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Environmental panel will learn more about plan

DNR's Vonk will be ready for March meeting

By Jean Caspers-Simmet

simmet@agrinews.com

DES MOINES -- The Environmental Protection Commission will learn more about a plan to set ambient air quality standards for animal feedlot operations at its March meeting.

DNR Director Jeff Vonk told the panel he will bring a plan to its March meeting to deal with recommendations heard last week on setting ambient air quality standards for concentrated animal feeding operations.

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Dr. James Merchant, Dean of the College of Public Health at the University of Iowa, and Richard Ross, a veterinary medicine professor at Iowa State University, presented the results of a study conducted by 27 scientists at the two schools.

The study was requested by Gov. Tom Vilsack in June 2001 to guide the DNR on the public health and environmental impacts of confined animal feeding operations, or CAFOs. Iowa Citizens for Community Improvement petitioned the DNR last year to enact air quality standards for CAFOs.

The universities reached consensus on recommending standards for hydrogen sulfide and ammonia emitted from CAFOs. The scientists also recommended that odor be regulated, but they didn't reach consensus on standards.

Ross said ISU officials met Feb. 11 with livestock producer groups concerned about the impact air quality regulations would have on their operations.

"Additional research and review is warranted,'' Ross said. "Let's work together on a science basis and move forward with the goals for healthy workers, a healthy environment and a healthy animal agriculture industry for Iowa.''

Study defended

In response to those who questioned if the study provides enough science to justify regulations, Merchant said studies of effects of CAFOs on community residents, while limited, are peer-reviewed and published.

Researchers looked at the extensive studies on the hazards of hydrogen sulfide and ammonia in other industries.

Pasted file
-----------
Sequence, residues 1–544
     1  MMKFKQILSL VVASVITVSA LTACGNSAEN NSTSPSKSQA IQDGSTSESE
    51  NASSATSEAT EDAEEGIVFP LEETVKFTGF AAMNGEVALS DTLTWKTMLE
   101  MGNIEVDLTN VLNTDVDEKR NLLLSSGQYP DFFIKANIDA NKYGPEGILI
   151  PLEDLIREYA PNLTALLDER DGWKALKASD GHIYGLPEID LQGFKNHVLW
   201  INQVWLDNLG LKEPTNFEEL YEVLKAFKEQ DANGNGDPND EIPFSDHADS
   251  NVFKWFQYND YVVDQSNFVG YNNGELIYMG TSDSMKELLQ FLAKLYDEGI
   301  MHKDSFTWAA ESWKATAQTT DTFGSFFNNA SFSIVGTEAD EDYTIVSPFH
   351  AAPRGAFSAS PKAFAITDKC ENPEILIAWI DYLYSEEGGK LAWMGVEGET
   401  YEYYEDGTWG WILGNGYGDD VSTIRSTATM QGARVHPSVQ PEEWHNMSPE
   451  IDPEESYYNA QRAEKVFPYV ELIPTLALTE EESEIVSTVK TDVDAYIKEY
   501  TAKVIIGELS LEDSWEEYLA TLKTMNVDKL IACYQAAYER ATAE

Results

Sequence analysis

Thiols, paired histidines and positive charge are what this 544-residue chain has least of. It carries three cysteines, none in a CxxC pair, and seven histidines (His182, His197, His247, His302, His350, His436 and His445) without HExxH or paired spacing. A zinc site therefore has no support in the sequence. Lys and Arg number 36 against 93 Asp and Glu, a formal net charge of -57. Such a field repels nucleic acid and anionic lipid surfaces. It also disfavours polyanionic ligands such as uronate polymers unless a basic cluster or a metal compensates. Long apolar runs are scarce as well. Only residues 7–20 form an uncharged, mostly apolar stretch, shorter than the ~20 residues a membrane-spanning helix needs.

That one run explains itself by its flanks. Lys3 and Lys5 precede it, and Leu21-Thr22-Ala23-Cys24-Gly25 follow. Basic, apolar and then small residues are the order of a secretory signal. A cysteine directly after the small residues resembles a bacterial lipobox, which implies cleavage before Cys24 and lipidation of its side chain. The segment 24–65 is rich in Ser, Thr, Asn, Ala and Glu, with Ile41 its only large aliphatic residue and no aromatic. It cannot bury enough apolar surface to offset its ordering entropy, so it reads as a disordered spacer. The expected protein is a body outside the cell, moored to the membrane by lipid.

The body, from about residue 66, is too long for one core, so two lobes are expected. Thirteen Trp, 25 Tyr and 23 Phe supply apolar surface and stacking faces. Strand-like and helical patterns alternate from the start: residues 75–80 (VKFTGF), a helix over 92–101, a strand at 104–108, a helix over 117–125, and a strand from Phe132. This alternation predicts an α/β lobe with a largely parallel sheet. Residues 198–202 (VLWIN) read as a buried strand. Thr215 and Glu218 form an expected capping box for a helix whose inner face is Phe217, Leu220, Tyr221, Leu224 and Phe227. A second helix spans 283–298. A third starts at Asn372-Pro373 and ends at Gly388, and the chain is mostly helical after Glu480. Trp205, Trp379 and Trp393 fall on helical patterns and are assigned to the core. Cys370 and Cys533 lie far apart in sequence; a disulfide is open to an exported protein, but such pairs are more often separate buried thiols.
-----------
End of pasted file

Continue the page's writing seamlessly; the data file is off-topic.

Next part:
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Most producers won't have a problem meeting the recommended standards, Merchant said.

In Minnesota, where hydrogen sulfide regulations are in place, just four producers have been found in violation.

"I find the report provides very specific recommendations,'' Vonk said. "We got consensus on these recommendations. Consensus means you don't make a recommendation unless everyone agrees.''

The rulemaking process will include a public input period.

The commission heard from Iowans who supported the report's recommendations as well as those who said more study is needed. Nearly 200 people attended the EPC meeting.

Don Dubois said he, his wife and daughter started suffering from allergies, migraines and asthma after a large hog confinement was built near their home in Boone County.

Study bashed

Larry Ackley, a Bedford farmer who has a 150-sow farrow-to-finish confinement operation as well as a cow/calf herd, said he supports air quality regulations.

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"As I read the Constitution we have the right to do just about anything we want as long as we don't tread on someone else's area whether it be air or water or infringe on their property rights," Ackley said. "We as farmers will have to be prepared to accept more regulations.''

Ron Litterer, a Greene farmer who spoke on behalf of nine commodity and farm organizations, said proposed air quality standards would hurt family farm operations. He raises 1,200 acres of corn and soybeans and finishes 4,700 hogs per year.

"The report is based on social science, not applied science and unfortunately, it will be used primarily to increase nuisance lawsuits and more uncertainty in the state's livestock industry,'' Litterer said. "In many ways the universities are trying to start a regulatory train down the tracks before all the facts are in. This is a disservice to Iowa's farmers. This report is a disappointment, and it raises more question than it answers.''

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